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Author Topic: Any Suggestions on New Camera?  (Read 260 times)
Tyler V
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« on: September 16, 2017, 06:04:27 PM »

Hello everybody,
        I have been lurking here for a while and staying up to date with what's going on but haven't posted much lately due to my busy nature at art school and personal projects.  While trying to photograph my works in progress and final photos with my iPhone I came to a conclusion that it is probably time to invest in a nice decent camera to document my work for my portfolio, my work consists of mostly fine scale models, dioramas, or props.  I have been researching through various model forums about what camera to use and what lens you should get and have become quite overwhelmed in the vast options out there on the market, plus most forums I've found related to photography are five or more years old, I guess my core question would be what cameras and setups do you guys use most often for model photography? SLR, DSLR point and shoot? Im very overwhelmed and could use a good starting point for my search.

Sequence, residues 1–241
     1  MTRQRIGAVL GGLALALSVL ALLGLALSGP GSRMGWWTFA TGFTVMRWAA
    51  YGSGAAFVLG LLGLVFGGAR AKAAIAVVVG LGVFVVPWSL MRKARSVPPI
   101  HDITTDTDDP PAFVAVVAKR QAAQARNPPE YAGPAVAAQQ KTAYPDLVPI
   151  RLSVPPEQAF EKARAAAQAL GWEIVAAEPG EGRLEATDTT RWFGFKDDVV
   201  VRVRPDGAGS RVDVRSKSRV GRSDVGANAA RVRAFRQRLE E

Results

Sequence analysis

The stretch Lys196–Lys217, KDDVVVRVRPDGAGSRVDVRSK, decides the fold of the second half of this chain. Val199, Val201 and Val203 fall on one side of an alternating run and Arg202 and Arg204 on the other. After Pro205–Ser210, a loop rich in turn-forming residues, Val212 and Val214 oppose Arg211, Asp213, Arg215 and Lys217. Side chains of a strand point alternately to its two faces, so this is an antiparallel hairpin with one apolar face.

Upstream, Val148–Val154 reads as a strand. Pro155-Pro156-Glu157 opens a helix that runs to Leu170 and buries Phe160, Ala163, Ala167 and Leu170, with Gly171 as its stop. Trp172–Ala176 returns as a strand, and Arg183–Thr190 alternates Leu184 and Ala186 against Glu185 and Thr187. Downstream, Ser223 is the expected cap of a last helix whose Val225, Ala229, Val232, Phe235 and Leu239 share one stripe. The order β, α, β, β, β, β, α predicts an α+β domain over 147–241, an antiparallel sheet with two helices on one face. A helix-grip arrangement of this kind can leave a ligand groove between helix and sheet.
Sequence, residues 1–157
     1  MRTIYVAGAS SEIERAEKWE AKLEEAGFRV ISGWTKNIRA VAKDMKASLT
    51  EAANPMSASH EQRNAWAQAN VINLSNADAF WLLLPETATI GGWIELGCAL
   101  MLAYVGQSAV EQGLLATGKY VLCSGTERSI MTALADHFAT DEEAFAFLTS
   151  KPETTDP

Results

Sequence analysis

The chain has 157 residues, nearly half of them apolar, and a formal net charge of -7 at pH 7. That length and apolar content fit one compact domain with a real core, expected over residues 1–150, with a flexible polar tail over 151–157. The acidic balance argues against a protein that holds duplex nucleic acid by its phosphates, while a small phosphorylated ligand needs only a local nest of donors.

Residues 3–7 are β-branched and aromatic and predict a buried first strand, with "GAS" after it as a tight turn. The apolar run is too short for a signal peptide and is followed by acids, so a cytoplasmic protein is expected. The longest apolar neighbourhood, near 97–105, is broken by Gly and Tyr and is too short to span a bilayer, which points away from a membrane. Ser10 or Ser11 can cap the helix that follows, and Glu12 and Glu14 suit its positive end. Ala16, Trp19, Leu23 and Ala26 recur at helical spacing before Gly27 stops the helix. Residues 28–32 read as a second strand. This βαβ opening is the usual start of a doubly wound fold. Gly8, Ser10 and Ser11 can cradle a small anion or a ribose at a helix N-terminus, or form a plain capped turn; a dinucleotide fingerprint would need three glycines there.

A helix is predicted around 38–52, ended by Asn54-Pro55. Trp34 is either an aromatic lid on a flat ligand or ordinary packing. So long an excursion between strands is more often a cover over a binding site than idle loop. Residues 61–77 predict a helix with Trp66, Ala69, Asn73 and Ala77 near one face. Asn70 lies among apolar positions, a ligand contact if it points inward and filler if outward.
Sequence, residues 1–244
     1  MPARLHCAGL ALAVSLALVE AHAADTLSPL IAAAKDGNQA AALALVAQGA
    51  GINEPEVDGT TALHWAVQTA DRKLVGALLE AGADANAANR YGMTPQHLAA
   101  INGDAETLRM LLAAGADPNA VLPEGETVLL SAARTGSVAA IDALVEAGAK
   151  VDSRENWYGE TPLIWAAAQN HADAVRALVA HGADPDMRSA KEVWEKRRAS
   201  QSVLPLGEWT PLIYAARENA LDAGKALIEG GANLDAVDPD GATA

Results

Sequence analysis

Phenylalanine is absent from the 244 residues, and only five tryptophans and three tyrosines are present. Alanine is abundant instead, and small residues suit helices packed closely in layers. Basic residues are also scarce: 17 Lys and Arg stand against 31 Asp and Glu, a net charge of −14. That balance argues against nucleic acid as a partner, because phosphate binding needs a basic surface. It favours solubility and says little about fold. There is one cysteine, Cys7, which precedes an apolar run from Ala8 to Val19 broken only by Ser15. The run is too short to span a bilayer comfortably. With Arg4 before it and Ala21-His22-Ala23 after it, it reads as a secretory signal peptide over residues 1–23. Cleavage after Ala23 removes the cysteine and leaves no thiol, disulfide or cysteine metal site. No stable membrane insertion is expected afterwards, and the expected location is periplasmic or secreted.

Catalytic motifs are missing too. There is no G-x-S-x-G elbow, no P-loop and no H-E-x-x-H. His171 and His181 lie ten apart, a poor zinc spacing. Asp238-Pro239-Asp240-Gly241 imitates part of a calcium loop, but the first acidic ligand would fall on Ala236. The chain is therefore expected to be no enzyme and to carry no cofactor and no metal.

Thank you,
Tyler Virga
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finescalerr
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« Reply #1 on: September 17, 2017, 02:11:23 PM »

You probably want an interchangeable lens DSLR because model photography often requires a macro lens. The one I used professionally and still tend to use most often is a 100mm macro. Sony, among others, makes a fixed zoom lens camera. It's small but I don't know whether it has decent macro capability.

Were I looking to buy something for a reasonable price (because my camera's price is unreasonable) I'd go to bhphotovideo.com (where many professionals get their stuff) and pick up one of the Canon bodies--one of the Rebels or the 80D--and whatever lens you think you'd use most often. The 100mm macro, by the way, is just as good for regular shooting as it is for macro shots.